[17] Oderkirk, J. (2017), “Readiness of electronic health record systems to contribute to national health information and research”, OECD Health Working Papers, No. 99, OECD Publishing, Paris, https://doi.org/10.1787/9e296bf3-en.

[14] OECD (2020), Realising the Potential of Primary Health Care, OECD Health Policy Studies, OECD Publishing, Paris, https://doi.org/10.1787/a92adee4-en.

[8] OECD (2019), The Heavy Burden of Obesity: The Economics of Prevention, OECD Health Policy Studies, OECD Publishing, Paris, https://doi.org/10.1787/67450d67-en.

[20] OECD (2016), Health Systems Characteristics Survey 2016, https://qdd.oecd.org/subject.aspx?Subject=hsc.

[18] Schäfer, W. et al. (2019), “Are people’s health care needs better met when primary care is strong? A synthesis of the results of the QUALICOPC study in 34 countries”, Primary Health Care Research & Development, Vol. 20, https://doi.org/10.1017/s1463423619000434.

[9] Schooling, C. (ed.) (2014), “Prevalence and Costs of Multimorbidity by Deprivation Levels in the Basque Country: A Population Based Study Using Health Administrative Databases”, PLoS ONE, Vol. 9/2, p. e89787, https://doi.org/10.1371/journal.pone.0089787.

[22] SCIROCCO (n.d.), Maturity Model, https://www.scirocco-project.eu/maturitymodel/ (accessed on 9 December 2020).

[6] Soto-Gordoa, M. et al. (2017), “Incorporating Budget Impact Analysis in the Implementation of Complex Interventions: A Case of an Integrated Intervention for Multimorbid Patients within the CareWell Study”, Value in Health, Vol. 20/1, pp. 100-106, https://doi.org/10.1016/j.jval.2016.08.002.

[7] Soto-Gordoa, M. et al. (2019), “Gender and socioeconomic inequalities in the implementation of the Basque programme for multimorbid patients”, European Journal of Public Health, Vol. 29/4, pp. 681-686, https://doi.org/10.1093/eurpub/ckz071.

[13] Struckmann, V. et al. (2018), “Relevant models and elements of integrated care for multi-morbidity: Results of a scoping review”, Health Policy, Vol. 122/1, pp. 23-35, https://doi.org/10.1016/j.healthpol.2017.08.008.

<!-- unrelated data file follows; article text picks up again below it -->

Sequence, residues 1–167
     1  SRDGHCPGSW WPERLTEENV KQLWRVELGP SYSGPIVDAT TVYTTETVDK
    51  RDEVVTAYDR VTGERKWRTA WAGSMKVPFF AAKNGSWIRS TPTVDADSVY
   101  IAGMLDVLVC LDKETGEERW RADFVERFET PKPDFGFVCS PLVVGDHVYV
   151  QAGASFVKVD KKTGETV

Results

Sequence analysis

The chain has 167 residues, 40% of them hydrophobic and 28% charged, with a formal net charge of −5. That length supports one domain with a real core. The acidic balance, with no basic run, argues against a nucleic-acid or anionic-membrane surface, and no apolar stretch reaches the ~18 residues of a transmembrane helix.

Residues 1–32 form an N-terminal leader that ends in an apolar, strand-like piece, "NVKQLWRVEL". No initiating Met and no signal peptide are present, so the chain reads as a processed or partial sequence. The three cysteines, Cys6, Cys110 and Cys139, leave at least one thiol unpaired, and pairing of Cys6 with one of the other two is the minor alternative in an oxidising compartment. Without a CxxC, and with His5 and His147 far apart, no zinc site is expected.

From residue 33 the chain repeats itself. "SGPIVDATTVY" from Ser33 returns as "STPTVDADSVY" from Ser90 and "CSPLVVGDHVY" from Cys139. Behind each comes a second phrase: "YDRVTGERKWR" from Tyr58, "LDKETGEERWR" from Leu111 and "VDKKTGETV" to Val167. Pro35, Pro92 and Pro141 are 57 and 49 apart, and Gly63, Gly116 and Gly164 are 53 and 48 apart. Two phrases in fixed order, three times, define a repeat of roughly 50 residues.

[2] the CareWell Group (2018), “Impact of stratification on the effectiveness of a comprehensive patient-centered strategy for multimorbid patients”, Health Services Research, Vol. 54/2, pp. 466-473, https://doi.org/10.1111/1475-6773.13094.

[11] Wagner, E., B. Austin and M. Korff (1996), “Organizing Care for Patients with Chronic Illness”, The Milbank Quarterly, Vol. 74/4, p. 511, https://doi.org/10.2307/3350391.

[16] WHO (2018), Primary Health Care (PHC) Expenditure as % Current Health Expenditure (CHE).

[12] WHO Europe (2016), Integrated care models: an overview, https://www.euro.who.int/__data/assets/pdf_file/0005/322475/Integrated-care-models-overview.pdf.

[3] WP5 Jadecare (2020), Presentation of the original good practice - Basque health strategy in ageing and chronicity: integrated care.


← 1. Eligible patients are aged 65+, have two of the following three chronic conditions (diabetes, heart failure and chronic obstructive pulmonary disease), have been hospitalised in the past year, and have a Predictive Index score in the 95th percentile (based on Johns Hopkins Adjusted Clinical Groups Predictive Model). Recent updates have extended the target group and include all patients above 13 years of age.

← 2. Other regions included in the study include Zagreb (Croatia), Lower Silesia (Poland), Veneto (Italy), Puglia (Italy) and Powys (United Kingdom).

← 3. Ibid.

← 4. Propensity scores reflect the probability of patient being in the intervention group based on observable characteristic (i.e. allows researchers to construct an artificial control group that is, to the extent possible, the same as the intervention group).

← 5. A “new model of primary care” meeting the following four characteristics: 1) multidisciplinary practices or inter-professional practices; 2) comprehensive health services in the community; 3) population health management (generally based on risk stratification using sophisticated IT systems); and 4) engagement of patients in shared decision-making (OECD, 2020[14]).

← 6. Regions in Bosnia and Herzegovina, Croatia, the Czech Republic, Denmark, Greece, Italy (two regions) Portugal and Serbia.